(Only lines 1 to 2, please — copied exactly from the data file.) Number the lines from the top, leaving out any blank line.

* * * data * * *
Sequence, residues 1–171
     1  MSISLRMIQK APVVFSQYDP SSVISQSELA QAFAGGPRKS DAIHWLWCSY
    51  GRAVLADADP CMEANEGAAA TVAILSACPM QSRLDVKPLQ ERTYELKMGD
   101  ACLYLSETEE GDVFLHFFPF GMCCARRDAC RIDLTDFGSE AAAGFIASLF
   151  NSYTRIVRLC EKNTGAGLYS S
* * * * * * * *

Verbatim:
Sequence, residues 1–171
     1  MSISLRMIQK APVVFSQYDP SSVISQSELA QAFAGGPRKS DAIHWLWCSY